Don’t worry though The Other resurrects Spidey, with new powers including Wolverine-style claws and the power to talk to eight legged beasts.
He makes short work of Morlun with his new abilities and life goes back to normal, despite the fact Peter Parker was legally dead for like a day.
From deus-ex-machina resurrections to jarring mystical elements The Other was a mess of a story that is simply too outlandish for a two hour film. Add to that the fact our hero actually dies and it becomes pretty clear why even Sony won’t be adapting this gem any time soon.
Okay so, for those who don’t know, in Marvel comic books at least, there isn’t one single universe. There are in fact an infinite number of universes each with their own version of the wall-crawler.
Following? Good because this is where things get bizarre.
In one universe there exists a group known as the Inheritors, sort of like immortal cosmic vampires who constantly hunger for ‘spiders’, and they hunt down the different Spider-Men from across the multiverse snacking on them like they’re eight-legged Dairylea Dippers.
Still with me? Excellent! You’re doing better than most comic book fans at this point.
In Spider-Verse all the Spider-Men from across the multiverse gang together to stop themselves becoming lunch and if you think this recap was confusing imagine what it was like trying to read it across twenty or so books.
By now I hope it’s evident why neither Sony or Marvel will ever touch this story with a ten foot barge pole as all it serves to do is undermine how important Peter Parker is in the grand scheme of things.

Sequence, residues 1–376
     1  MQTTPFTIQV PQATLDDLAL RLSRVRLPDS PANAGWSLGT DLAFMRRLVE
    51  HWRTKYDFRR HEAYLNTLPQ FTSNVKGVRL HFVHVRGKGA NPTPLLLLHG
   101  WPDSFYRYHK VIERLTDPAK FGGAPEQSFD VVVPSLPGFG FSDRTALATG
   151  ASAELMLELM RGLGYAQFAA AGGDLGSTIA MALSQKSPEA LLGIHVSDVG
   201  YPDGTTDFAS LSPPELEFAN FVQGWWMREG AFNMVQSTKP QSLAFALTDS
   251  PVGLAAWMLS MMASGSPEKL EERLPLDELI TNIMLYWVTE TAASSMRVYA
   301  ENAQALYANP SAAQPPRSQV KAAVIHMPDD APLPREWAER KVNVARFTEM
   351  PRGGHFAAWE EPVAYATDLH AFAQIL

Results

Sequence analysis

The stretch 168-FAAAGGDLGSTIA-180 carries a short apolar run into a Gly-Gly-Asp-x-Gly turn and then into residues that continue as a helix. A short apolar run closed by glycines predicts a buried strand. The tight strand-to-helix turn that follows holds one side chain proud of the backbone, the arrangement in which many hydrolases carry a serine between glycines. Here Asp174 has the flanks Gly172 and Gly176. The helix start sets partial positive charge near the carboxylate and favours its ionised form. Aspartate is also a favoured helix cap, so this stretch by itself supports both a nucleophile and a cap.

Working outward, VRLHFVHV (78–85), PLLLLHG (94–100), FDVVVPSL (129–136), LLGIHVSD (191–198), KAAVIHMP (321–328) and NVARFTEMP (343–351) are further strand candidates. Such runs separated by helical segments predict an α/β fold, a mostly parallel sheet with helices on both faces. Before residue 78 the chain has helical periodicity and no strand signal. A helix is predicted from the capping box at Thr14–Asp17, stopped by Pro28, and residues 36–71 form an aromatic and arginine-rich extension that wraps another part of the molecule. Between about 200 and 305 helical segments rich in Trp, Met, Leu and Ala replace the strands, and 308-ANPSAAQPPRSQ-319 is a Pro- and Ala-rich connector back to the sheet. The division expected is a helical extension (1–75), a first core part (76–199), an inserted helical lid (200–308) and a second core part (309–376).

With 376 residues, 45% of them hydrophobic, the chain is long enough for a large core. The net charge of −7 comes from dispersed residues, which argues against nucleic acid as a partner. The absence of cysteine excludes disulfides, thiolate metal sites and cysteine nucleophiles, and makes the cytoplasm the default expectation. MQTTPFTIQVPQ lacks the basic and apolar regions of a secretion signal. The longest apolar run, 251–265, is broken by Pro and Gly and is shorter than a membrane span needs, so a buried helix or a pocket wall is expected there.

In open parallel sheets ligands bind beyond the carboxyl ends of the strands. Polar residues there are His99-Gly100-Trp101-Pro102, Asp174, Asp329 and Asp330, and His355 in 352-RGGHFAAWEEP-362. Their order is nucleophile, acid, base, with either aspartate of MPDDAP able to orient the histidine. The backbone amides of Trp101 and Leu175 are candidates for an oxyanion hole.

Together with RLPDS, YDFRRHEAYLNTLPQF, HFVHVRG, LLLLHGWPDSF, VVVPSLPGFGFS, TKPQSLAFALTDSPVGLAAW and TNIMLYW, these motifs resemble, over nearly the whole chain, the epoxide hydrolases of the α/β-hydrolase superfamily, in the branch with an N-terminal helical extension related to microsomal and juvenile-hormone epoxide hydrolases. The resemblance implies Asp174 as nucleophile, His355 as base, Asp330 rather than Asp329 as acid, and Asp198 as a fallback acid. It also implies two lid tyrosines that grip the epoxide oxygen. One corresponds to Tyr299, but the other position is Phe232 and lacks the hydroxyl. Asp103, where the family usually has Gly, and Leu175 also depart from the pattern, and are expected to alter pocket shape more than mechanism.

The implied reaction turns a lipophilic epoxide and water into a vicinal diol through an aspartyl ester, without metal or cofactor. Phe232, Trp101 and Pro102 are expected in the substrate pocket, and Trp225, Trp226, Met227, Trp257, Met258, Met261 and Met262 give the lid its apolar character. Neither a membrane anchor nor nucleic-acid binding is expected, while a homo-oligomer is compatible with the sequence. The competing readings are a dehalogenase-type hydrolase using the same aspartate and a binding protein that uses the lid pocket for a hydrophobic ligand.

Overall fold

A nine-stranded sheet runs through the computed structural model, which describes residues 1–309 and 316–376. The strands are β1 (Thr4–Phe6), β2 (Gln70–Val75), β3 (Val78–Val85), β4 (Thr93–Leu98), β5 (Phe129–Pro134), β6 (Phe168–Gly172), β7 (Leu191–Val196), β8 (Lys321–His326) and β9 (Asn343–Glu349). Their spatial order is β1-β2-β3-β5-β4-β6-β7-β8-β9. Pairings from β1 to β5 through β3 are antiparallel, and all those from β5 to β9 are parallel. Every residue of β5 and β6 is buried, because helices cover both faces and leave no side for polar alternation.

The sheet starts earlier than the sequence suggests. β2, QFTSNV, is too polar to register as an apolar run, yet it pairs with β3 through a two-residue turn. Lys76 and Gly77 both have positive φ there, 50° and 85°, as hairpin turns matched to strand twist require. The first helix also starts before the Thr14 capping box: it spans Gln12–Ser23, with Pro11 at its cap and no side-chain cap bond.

As you can probably tell from this scattershot recap Spider-Verse was a mess and wasn’t a hit with fans who dismissed the book for wasting a number of classic Spider-Men (The one from the nineties cartoon dies in this book) and squandering what could have been a very interesting premise with a piss poor ending.
The Superior Spider-Man
Crippled and dying after decades of fighting Spider-Man the villain Otto Octavius, better known as Doc Ock, had a master plan to save his own life while getting revenge on his most hated foe.
Rather than kill Spider-Man, Otto used a specially designed robot to swap their bodies, leaving Parker trapped in Ock’s dying old body and Octavius swinging about in Pete’s spider-powered body – and the worst thing is it worked.
Peter died inside Otto’s rotten and broken body while Doc Ock assumed the mantle of the Superior Spider-Man and set out to prove himself Peter’s better in every single way.
As you’d expect things didn’t exactly go to plan…
The Superior Spider-Man is widely considered one of the best and most controversial Spider-Man stories of the last decade, praised for exploring themes of redemption, trust and Orwellian attitudes to justice, while at the same time leaving fans horrified at what had happened to the original wall-crawler.
So why should it never be immortalised on celluloid? Well for a few reasons, the first being that no film could ever be long enough to do the story justice. The Superior Spider-Man took place over 31 issues and was a dark, violent book that would be difficult to market to a wide audience and compressing it into a two or three hour film simply won’t work.
Add to this the fact that you can’t really sell off a murdering sociopath who stole the body of another man to prolong his own life to parents who take their kids to the cinema and you start to see why it’ll never happen.
Then again Deadpool worked…